Bitterness of Life

Food for Thought @ Clinton St. Baking Company

Fried oysters have certain bitterness that I like. It’s not a kid-friendly flavor. Among the five taste sensations—sweet, sour, salty, bitter, and umami—bitterness is unique in that we have to train ourselves to appreciate it. It’s the main reason kids don’t like vegetables. In a way, bitterness is what makes taste subjective. We are not supposed to like bitterness. According to one study, preference for bitter taste was linked to antisocial personality traits. It’s like deriving pleasure from pain.

Music, over the course of its history, has become progressively dissonant. Most composers did not achieve mainstream popularity because their music was too dissonant for their time. Today, all the compositions by Bach sound consonant and harmonious, but at the time, they weren’t perceived that way. Fast-forward a few hundred years and listen to Karlheinz Stockhausen’s Klavierstück; it consists mostly of dissonance. It’s not a kind of music you can play in the background; it commands your undivided attention. To say it’s “subjective” would be an understatement.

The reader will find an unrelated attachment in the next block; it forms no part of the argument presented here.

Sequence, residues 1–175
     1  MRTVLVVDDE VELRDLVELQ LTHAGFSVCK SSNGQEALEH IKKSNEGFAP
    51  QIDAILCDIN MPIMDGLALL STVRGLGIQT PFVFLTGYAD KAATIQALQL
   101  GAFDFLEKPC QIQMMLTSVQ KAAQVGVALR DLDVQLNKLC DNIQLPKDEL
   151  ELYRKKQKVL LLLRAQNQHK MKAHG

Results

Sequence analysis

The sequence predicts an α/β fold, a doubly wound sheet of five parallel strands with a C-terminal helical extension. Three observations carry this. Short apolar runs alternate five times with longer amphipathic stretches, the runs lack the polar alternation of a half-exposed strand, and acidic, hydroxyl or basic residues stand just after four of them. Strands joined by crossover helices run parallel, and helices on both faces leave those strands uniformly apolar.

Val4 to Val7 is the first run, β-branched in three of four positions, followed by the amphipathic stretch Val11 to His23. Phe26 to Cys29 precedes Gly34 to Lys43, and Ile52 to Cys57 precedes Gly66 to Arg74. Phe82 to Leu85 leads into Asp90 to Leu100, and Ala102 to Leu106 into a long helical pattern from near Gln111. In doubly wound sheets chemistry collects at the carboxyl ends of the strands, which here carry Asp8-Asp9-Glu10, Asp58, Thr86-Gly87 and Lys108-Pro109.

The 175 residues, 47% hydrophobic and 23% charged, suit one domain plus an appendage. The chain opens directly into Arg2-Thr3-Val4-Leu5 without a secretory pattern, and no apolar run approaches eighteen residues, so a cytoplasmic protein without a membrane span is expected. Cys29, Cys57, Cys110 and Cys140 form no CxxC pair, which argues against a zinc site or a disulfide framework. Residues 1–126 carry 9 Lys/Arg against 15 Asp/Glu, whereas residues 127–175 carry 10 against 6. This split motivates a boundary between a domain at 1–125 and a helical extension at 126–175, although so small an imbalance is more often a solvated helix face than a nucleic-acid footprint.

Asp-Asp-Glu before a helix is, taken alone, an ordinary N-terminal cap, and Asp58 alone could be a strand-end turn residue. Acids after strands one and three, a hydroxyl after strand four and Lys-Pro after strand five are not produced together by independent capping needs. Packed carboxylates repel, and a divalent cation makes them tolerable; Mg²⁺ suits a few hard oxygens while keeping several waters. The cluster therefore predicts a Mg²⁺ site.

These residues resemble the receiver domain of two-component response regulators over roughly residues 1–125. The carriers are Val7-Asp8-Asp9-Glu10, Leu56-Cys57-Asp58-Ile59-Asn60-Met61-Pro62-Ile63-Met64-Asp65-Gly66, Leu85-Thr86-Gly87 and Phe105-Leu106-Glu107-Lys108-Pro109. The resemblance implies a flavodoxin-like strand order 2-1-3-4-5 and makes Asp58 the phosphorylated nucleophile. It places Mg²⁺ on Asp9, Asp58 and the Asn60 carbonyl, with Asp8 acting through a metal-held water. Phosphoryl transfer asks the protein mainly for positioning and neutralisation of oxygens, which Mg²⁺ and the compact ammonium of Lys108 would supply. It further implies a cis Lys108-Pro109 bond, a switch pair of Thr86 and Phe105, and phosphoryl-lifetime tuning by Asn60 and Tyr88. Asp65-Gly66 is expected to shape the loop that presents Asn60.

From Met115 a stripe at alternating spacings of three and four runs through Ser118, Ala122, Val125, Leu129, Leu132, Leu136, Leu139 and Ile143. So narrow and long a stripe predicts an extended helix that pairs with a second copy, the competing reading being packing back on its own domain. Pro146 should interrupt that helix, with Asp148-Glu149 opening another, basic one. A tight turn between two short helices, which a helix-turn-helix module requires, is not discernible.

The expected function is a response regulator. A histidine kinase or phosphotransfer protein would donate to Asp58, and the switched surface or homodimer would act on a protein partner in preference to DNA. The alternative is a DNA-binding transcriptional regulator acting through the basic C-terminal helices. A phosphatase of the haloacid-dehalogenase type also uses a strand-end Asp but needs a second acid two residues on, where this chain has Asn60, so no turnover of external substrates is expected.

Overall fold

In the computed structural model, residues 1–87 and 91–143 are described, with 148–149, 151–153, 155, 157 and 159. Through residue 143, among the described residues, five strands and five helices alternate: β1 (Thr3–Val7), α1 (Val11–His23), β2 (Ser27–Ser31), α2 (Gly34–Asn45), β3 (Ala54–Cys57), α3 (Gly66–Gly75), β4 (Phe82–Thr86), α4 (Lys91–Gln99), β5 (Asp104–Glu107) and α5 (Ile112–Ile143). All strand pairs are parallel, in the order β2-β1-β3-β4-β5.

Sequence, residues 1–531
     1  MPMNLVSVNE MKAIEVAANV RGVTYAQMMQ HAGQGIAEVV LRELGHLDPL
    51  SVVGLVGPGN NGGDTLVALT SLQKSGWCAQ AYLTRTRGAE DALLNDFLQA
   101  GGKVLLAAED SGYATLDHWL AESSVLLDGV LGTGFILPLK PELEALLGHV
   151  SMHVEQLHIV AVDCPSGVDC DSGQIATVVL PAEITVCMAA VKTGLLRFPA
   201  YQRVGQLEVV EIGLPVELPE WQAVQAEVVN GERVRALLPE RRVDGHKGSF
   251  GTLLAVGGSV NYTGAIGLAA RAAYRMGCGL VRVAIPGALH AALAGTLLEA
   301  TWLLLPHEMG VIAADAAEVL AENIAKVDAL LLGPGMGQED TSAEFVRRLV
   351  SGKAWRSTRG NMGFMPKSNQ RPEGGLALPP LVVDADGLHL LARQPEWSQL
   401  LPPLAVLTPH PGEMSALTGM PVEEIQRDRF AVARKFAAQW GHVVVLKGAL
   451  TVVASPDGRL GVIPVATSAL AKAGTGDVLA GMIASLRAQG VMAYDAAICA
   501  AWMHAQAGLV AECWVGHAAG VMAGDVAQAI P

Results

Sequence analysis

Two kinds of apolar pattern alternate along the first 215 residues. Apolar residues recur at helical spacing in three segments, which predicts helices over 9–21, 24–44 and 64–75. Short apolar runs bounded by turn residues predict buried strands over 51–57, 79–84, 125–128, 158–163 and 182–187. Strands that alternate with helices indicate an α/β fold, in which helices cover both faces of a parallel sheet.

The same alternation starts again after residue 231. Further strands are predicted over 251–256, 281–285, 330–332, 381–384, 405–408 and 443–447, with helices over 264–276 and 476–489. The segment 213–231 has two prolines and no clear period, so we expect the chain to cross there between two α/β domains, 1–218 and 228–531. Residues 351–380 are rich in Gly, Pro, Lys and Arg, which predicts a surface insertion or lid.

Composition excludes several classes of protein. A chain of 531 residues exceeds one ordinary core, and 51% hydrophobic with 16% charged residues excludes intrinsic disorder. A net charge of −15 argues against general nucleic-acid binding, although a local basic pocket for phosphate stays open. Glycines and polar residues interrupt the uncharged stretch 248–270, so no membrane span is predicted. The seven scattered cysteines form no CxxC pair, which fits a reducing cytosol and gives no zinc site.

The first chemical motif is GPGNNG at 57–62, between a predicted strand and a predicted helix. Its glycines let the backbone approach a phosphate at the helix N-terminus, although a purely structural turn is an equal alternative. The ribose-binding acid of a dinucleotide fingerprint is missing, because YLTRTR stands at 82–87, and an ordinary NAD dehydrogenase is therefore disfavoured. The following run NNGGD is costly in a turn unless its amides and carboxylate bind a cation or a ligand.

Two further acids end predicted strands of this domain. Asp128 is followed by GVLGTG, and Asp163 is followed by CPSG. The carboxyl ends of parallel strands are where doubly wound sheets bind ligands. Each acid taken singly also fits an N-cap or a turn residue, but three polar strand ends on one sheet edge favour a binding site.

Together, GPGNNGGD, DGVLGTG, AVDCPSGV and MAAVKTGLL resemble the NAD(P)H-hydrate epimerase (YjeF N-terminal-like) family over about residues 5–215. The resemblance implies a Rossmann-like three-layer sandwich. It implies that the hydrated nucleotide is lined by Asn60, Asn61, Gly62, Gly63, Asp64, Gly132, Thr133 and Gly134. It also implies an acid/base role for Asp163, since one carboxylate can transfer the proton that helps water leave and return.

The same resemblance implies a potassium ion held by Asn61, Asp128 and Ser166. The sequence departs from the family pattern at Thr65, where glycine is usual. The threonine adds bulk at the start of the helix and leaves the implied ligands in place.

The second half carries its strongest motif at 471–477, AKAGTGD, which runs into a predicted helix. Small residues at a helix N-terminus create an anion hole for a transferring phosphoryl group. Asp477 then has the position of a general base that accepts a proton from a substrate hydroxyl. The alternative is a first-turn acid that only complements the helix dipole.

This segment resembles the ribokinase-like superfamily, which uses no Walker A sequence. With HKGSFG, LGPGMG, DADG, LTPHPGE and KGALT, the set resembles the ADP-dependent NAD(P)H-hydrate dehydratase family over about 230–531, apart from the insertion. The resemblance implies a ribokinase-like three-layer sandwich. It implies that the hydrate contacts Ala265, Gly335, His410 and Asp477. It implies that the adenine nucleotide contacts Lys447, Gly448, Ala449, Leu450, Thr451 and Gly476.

In every form of art, there is something equivalent to bitterness that makes it subjective. In modern branding, visual dissonance or ugliness is sometimes used to differentiate a brand (e.g. 2012 London Olympics and German Merck). When a branding agency uses such a strategy, they fully expect many people to hate it. They want to be loved or hated but not ignored.

Ultimately these artworks represent the people who created them, and we grow to like dissonance, disharmony, and bitterness because one-dimensional people are boring. They don’t even seem human. Mr. or Ms. Perfect is equivalent to cotton candy—pure sweetness with no complexity.

For food, most people conceptually appreciate bitterness as something that adds depth and complexity, but for human relationships, they avoid and complain about negative traits. In the end, we love people because of the fascinating combination of their annoying, frustrating, offensive, and/or infuriating traits. If you can conceptually see this, everyone would be interesting, except for those who are just nice all the time. We can leave the latter for kids.